Oncotarget

Clinical Research Papers:

A phase I pilot study evaluating the beneficial effects of black raspberries in patients with Barrett’s esophagus

Laura A. Kresty _, John J. Fromkes, Wendy L. Frankel, Cynthia D. Hammond, Navindra P. Seeram, Maureen Baird and Gary D. Stoner

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Oncotarget. 2018; 9:35356-35372. https://doi.org/10.18632/oncotarget.10457

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Abstract

Laura A. Kresty1, John J. Fromkes2, Wendy L. Frankel3, Cynthia D. Hammond2, Navindra P. Seeram4, Maureen Baird3, Gary D. Stoner1

1Division of Hematology & Oncology, Department of Medicine, Medical College of Wisconsin, Milwaukee, Wisconsin, USA

2Department of Internal Medicine, The Ohio State University, Columbus, Ohio, USA

3Department of Pathology, The Ohio State University, Columbus, Ohio, USA

4Department of Biomedical and Pharmaceutical Sciences, College of Pharmacy, University of Rhode Island, Kingston, Rhode Island, USA

Correspondence to:

Laura A. Kresty, email: Lkresty@mcw.edu

Keywords: Barrett’s esophagus, black raspberry, esophageal adenocarcinoma, chemoprevention, oxidative stress

Received: February 18, 2016     Accepted: May 23, 2016     Epub: July 7, 2016     Published: October 19, 2018

ABSTRACT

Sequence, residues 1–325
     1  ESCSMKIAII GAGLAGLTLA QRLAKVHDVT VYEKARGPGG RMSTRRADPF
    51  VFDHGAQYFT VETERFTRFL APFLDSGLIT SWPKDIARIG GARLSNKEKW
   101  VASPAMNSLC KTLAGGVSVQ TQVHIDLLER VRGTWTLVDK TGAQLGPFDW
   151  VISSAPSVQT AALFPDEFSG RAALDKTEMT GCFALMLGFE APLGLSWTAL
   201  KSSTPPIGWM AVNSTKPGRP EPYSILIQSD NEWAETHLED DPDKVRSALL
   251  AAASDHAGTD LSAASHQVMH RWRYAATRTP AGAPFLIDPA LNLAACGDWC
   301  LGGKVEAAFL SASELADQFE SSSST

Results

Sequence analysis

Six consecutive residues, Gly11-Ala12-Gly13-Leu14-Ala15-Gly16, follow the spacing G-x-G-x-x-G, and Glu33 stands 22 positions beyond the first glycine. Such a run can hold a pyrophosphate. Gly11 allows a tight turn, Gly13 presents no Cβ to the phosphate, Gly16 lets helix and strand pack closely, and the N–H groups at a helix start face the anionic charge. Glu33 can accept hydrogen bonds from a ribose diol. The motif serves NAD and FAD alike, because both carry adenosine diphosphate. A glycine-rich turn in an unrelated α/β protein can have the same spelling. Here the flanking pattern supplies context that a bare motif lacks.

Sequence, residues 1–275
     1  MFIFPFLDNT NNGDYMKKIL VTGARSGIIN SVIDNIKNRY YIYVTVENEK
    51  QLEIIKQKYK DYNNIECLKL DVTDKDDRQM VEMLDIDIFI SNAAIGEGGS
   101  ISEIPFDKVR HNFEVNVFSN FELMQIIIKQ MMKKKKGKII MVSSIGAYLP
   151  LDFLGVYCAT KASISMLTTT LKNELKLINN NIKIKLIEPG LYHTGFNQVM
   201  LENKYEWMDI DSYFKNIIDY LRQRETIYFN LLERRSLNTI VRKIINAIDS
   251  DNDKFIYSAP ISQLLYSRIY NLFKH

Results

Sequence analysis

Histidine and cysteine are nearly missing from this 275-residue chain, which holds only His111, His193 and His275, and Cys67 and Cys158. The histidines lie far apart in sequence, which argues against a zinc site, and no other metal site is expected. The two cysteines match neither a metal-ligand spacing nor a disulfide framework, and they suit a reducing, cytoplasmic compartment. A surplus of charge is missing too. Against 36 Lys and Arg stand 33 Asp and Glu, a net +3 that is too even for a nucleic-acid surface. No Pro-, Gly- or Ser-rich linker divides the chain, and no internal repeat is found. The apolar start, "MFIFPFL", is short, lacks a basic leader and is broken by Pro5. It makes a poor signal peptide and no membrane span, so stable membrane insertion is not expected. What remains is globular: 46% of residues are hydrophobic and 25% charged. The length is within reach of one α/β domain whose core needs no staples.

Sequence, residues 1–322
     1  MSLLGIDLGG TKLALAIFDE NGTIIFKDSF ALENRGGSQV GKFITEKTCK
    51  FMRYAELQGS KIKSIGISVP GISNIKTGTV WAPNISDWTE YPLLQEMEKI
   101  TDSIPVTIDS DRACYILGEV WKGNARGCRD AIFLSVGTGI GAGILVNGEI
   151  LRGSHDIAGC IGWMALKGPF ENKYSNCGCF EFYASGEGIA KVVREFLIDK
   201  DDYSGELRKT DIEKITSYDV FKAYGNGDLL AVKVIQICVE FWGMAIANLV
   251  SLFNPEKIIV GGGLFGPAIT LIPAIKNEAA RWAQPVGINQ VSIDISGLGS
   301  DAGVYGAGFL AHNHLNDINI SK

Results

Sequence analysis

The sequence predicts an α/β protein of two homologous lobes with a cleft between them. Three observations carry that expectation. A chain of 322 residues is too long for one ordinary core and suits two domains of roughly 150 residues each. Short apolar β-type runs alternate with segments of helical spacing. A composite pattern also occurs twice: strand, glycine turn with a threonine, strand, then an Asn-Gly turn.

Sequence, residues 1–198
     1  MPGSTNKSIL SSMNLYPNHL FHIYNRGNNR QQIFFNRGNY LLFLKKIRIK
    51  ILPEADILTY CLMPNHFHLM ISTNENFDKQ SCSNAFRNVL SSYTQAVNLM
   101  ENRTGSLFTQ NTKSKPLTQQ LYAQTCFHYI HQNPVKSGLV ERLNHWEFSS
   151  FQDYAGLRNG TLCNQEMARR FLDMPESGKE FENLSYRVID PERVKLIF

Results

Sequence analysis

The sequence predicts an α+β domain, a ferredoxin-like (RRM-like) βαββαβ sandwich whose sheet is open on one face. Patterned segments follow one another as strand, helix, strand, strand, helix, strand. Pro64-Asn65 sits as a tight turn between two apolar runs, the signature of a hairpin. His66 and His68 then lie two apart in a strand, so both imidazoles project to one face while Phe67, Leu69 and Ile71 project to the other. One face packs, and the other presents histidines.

Black raspberries inhibit a broad range of cancers in preclinical models which has led to clinical evaluations targeting premalignant lesions of the colon, oral cavity and esophagus. A phase I pilot study was conducted in twenty Barrett’s esophagus (BE) patients to investigate the effect of lyophilized black raspberries (LBR) on urinary metabolites and markers of lipid peroxidation, DNA damage and tissue markers of cellular proliferation, detoxification, and inflammation. Surveys, biopsies, blood and urine samples were collected before and after 6 months of LBR treatment (32 or 45 g). LBR significantly reduced urinary excretion of 8-epi-prostaglandin F2β, a marker of lipid peroxidation linked to oxidative stress and free radical damage. Urinary levels of the ellagitannin metabolites, urolithin A-glucuronide, urolithin A-sulfate and dimethylellagic acid glucuronide were significantly increased following 12 and 26 weeks of LBR consumption and may prove useful as indicators of compliance in future clinical studies. Immunohistochemical staining of BE biopsies following LBR treatment showed significant increases in mean GST-pi levels, with 55.6% of subjects responding favorably. In summary, LBR significantly decreased urinary lipid peroxidation levels and significantly increased GST-pi, a marker of detoxification, in BE epithelium. Still, LBR may need to be formulated differently, administered at higher concentrations or multiple times a day to increase efficacy.


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